This video demonstrates the parts of a scholarly or academic journal article. Offers pictures and brief descriptions of the sections including abstract, reference list, discussion, and methods. The video aims to help students understand academic articles.
Archive for the ‘Scholarly Journal Articles’ Category
Journaling, by nature, is a solitary exercise. And since we are often concerned with our deepest secret selves in our journals, we rarely share these writings with others. So it’s a special treat when we’re allowed a peek inside someone else’s journal. The cinema is one place where we can occasionally enjoy the journaling lives of others.
Here are a few examples of journal-based films.
A decade ago, a San Francisco artist decided to conduct a collaborative artwork by releasing 1000 blank journals into the world. He gave a few to friends and acquaintances and then, as word spread, people began contacting him, wanting to take part. He sent journals all over the world. Subsequently, filmmaker Andrea Kreuzhage documented a search for the journals, discovering along the way a world of shared creativity and expression from people around the globe.
Bridget Jones’ Diary
Based on a popular novel by Helen Fielding, this film chronicles a year in the life of a woman in her early thirties. Single, self-conscious, and seeking success both in her career and in her love life, Bridget begins her journal on New Year’s Day, as a way of making a fresh start in her life. Following the journal, the movie reveals to us the many entertaining fiascos as well as important personal progress its heroine experiences as the year wears on.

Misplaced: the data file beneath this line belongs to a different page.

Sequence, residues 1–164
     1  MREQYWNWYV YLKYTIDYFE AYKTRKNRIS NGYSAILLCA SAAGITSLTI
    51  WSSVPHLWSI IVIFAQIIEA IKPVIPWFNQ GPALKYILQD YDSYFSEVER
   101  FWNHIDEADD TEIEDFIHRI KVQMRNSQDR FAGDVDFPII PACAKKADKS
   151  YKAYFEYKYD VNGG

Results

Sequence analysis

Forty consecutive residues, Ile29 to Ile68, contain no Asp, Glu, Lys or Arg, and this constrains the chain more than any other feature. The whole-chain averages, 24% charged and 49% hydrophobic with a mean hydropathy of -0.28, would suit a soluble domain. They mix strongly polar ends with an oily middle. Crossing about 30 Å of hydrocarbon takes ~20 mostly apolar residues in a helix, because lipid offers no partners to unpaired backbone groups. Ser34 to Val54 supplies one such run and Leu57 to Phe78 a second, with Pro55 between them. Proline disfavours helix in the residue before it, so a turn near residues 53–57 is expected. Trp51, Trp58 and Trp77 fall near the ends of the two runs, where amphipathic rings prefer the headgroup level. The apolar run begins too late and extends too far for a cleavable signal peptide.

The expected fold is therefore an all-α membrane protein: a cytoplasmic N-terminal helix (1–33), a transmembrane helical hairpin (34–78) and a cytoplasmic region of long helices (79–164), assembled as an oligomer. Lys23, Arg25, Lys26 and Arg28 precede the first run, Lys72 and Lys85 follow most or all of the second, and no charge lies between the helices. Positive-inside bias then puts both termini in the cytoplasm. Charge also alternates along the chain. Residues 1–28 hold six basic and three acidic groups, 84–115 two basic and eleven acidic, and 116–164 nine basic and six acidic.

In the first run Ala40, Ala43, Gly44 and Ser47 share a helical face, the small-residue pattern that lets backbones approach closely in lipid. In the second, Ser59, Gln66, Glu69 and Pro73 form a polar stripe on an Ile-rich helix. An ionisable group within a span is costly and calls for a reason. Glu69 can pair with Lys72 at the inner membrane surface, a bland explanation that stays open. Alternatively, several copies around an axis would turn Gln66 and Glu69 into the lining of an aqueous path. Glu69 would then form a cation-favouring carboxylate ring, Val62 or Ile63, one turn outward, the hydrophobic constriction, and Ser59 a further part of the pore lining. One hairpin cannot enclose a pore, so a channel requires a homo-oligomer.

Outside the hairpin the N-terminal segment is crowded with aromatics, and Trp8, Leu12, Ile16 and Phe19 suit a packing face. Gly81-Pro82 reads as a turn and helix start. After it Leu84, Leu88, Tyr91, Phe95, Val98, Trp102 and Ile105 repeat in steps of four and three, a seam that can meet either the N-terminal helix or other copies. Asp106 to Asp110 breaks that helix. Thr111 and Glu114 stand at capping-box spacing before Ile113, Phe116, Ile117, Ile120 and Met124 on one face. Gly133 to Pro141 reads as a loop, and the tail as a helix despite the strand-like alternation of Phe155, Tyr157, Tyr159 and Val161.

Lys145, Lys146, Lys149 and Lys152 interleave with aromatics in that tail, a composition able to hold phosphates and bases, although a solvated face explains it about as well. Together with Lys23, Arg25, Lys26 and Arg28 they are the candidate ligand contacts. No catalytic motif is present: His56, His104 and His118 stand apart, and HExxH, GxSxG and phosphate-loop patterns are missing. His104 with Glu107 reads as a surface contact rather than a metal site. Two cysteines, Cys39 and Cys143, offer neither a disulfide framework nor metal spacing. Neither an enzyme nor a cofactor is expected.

In this true story, a recent college graduate takes on teaching English to at-risk high school students. Other educators wrote off her students as “unteachable,” but Erin Gruwell knew better. She used journaling processes to involve her students not only in English literature but also in recounting their own experiences, especially the hardships and challenges they faced as inner city youth. They read The Diary of Anne Frank, and wrote about their own lives
in a war zone, with drugs and violence as daily threats. The students of Room 203 named themselves the Freedom Writers, and published a book entitled The Freedom Writers Diary.
The Motorcycle Diaries
When he was 23 years old, Ernesto Guevara (later known as the Marxist revolutionary, Ch Guevara) kept a journal as he traveled across South America. The journal, which tells of his encounters with poverty and injustice as he crossed the continent, was published after his death and then made into this film.
Eat, Pray, Love
Julia Roberts stars in this recent release based on novelist Elizabeth Gilbert’s popular memoir. Still reeling from a painful divorce, Elizabeth goes on a trip of self-discovery to Italy, India, and Indonesia, writing copiously in her journal in each place. She battles her demons of depression, loneliness, and doubt to find her own path to happiness and love. Here’s an excerpt, testifying to journaling’s amazing transformative properties: I fell asleep holding my notebook pressed against my chest, open to this most recent assurance. In the morning when I wake up, I can still smell a faint trace of depressions lingering smoke, but he himself is nowhere to be seen. Somewhere during the night, he got up and left. And his buddy loneliness beat it, too.
Of course, this list is just a sampling. Journal writing can be reflective, like a memoir; or it can be more forward-looking, a place to dream and set goals. Either way, the stories from journals and the stories about journaling can provide fascinating material for movies and other artworks.